This week the Bundesrat formally approved that, from 1st November, Saxony-Anhalt will take over the rotating Bundesrat Presidency, meaning that the state’s CDU Minister President Reiner Haseloff will take over from Brandenburg’s Dietmar Woidke as Bundesrat President. Haseloff, who leads a CDU-SPD-Green Party coalition government in Saxony-Anhalt, has recently made the headlines because he was the only head of government to reject a nationwide minimum fine for violations of the corona face mask requirement.
Every year on 1st November a new Bundesrat President takes office, based on a fixed sequence, determined on the basis of population numbers in the federal states, beginning with the head of government in the most populous federal state. The President convenes and chairs the Bundesrat’s plenary sessions, and announces the decisions taken in the plenary session, and represents the Bundesrat at official appointments in Germany and abroad. The Bundesrat President exercises the powers of the Federal President if the latter is unable to perform their duties.
In its plenary session on Friday, the Bundesrat approved numerous laws, two of which it only received from the Bundestag that morning, including an increase in in fuel emission prices (see below). It also approved other laws from the Bundestag including those to promote electric vehicles through tax exemptions and relief for the installation of private charging stations, as well as measures to provide financial support to clinics in the Future Hospitals Programme. The Bundesrat also introduced its own laws to go to the Bundestag including proposals for a better exchange of information between the authorities in a child’s best interests, better occupational health and safety on construction sites, expansion of child sickness benefits, support for airports in the corona pandemic and consumer protection in online e-cigarette trading.
Face masks in Bundestag
From Tuesday this week, members of the German parliament, the Bundestag, have been required to wear mouth and nose coverings. The decision was taken by Bundestag President Wolfgang Schäuble, who said “the pandemic is still very serious.” The requirement will remain in place until January and fine of up to 5,000 euros can be given to anyone who ignores the regulations.
The rules apply in every room of the building and masks can only be removed when people have taken their seats. Those speaking at the podium in the main chamber will be permitted to take their masks off.
Continuing its provocative bevahiour in parliament, some Alternative for Germany (AfD) MPs this week entered the plenary session without face masks – and were called to order by Bundestag President Wolfgang Schäuble.
Schäuble said that violations of this rule also meant a violation of parliamentary order: “The health risk to MPs through the behaviour of other MPs endangers the completion of the parliamentary work assigned to us.”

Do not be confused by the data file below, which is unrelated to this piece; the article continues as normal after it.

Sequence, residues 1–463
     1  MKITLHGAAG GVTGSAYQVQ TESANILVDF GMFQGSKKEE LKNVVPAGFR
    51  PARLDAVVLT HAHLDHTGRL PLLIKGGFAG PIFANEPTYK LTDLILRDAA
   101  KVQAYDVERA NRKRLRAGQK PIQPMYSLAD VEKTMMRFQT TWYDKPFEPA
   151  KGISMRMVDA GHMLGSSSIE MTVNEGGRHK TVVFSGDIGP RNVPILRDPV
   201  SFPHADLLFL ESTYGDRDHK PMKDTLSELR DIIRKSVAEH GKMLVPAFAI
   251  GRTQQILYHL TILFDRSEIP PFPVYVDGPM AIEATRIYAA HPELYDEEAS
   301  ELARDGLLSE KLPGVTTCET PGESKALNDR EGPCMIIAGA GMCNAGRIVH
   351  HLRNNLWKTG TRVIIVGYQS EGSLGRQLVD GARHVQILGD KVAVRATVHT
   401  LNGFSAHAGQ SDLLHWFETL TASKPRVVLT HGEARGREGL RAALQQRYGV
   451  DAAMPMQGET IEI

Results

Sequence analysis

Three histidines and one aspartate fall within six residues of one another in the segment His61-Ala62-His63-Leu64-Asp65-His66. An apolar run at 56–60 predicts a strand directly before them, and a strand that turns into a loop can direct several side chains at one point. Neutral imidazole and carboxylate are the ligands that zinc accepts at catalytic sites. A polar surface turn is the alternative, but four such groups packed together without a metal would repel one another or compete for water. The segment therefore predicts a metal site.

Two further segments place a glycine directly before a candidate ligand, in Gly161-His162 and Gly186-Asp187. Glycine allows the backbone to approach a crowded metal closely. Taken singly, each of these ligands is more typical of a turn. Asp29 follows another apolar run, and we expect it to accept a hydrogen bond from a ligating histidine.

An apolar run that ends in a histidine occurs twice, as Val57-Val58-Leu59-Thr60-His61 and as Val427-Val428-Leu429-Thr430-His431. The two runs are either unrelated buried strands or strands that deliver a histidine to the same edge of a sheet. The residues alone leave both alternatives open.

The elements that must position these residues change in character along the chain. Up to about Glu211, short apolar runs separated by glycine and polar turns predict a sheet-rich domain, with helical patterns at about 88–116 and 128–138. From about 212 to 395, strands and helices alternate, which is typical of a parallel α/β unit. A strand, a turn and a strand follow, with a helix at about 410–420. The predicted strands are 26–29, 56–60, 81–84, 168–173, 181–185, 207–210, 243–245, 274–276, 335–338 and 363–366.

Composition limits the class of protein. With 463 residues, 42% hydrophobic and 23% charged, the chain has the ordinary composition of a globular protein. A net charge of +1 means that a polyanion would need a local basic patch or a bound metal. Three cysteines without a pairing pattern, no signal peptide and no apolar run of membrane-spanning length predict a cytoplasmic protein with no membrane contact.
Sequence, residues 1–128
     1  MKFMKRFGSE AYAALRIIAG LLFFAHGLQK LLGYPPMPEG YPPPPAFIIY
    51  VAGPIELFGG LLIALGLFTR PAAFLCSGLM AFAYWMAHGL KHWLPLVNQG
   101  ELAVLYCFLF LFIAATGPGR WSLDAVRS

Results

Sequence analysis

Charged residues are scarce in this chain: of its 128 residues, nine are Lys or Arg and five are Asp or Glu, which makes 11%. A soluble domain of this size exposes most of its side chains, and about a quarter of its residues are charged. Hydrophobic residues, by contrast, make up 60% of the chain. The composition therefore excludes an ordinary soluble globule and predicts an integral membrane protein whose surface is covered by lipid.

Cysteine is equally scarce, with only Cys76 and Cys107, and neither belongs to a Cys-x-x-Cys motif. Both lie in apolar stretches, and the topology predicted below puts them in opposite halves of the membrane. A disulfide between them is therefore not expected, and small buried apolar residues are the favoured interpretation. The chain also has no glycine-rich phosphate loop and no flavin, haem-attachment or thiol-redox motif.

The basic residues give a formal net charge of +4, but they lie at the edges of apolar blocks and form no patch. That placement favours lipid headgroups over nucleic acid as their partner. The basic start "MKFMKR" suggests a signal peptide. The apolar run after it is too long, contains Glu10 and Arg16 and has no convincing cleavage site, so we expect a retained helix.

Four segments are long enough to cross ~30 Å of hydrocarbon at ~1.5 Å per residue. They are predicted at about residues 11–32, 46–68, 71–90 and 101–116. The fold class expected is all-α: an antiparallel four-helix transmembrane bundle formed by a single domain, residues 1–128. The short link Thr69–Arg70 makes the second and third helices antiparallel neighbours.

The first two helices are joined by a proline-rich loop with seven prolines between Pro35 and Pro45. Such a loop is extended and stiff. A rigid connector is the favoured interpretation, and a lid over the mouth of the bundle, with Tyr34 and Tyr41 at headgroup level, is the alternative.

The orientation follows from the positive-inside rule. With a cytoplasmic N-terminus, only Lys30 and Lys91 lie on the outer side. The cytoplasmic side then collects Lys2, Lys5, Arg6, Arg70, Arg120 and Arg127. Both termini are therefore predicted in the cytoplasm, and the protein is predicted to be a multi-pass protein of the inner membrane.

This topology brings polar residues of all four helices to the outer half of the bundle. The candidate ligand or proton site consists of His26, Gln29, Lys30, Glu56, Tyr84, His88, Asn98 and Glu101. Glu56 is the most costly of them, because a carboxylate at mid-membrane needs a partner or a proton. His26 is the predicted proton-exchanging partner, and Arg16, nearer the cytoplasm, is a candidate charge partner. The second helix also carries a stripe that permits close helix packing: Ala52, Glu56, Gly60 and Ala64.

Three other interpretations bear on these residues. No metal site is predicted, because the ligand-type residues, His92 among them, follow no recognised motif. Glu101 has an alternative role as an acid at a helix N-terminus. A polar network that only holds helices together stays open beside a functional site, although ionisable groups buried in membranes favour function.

Higher CO2 price
On Thursday, the Bundestag approved a government/Green Party amendment to the Fuel Emissions Trading Act. A price of €25 per tonne of CO2 will apply to the heat and transport sectors in Germany from 2021. The governing coalition wanted to start at ten euros, but after pressure from the Greens, the mediation committee of the Bundesrat and Bundestag agreed on the increase at the end of 2019, and it is now being implemented by law. Environment Minister Svenja Schulze (SPD) said, “The goal is that the switch to climate-friendly alternatives is also the right choice for the wallet.”
According to the Ministry of the Environment, a CO2 price of 25 euros per ton means that a litre of petrol will increase by 7 cents and a litre of diesel by 7.9 cents. Heating oil will be 7.9 cents more expensive per litre, natural gas by 0.6 cents per kilowatt hour. In order to cushion the rising costs, there will be billions paid in relief, for electricity prices as well as for the commuter allowance for employees with longer journeys. The higher CO2 price will mean that the state will earn billions more – this additional revenue is to be used in full to lower the EEG surcharge to promote green electricity and, from 2024, to further increase the commuter allowance. It is still unclear how additional costs will be divided between tenants and landlords.
AfD Chairmanship of Budget Committee
Following the ejection of the AfD Chair of the Legal Affairs Committee, Stephan Brandner, last year over some offensive tweets, another AfD Chair could lose his post. Chairman of the Budget Committee, Peter Boehringer, took out a half-page advertisement in the Neue Züricher Zeitung in June which crossed serval lines, according to MPs in the Budget Committee. The MPs wrote a letter to Bundestag President Wolfgang Schäuble in which they asked Schäuble to examine whether Boehringer “has violated the rules of conduct for members of the German Bundestag as well as abusively used his role as chairman of the committee.”
Under the heading “More Europe through less EU: The market economy must be preserved”, Boehringer wrote about “self-proclaimed elites,” “masters of ‘real counterfeit money,” and “unrestrained credit creation,” saying that “the Brussels Leviathan is becoming increasingly voracious”. He called for people to defend themselves “with the necessary moral courage.”
The MPs criticised Boehringer for “spreading conspiracy theories about the EU, the ECB and refugee policy.” In the past Boehringer has repeatedly attracted attention for spreading conspiracy myths. For example, in a tweet at the beginning of October, reported the Süddeutsche Zeitung, Boehringer wrote how “German interests are being betrayed and sold,” using comparisons such as “God versus Satan”.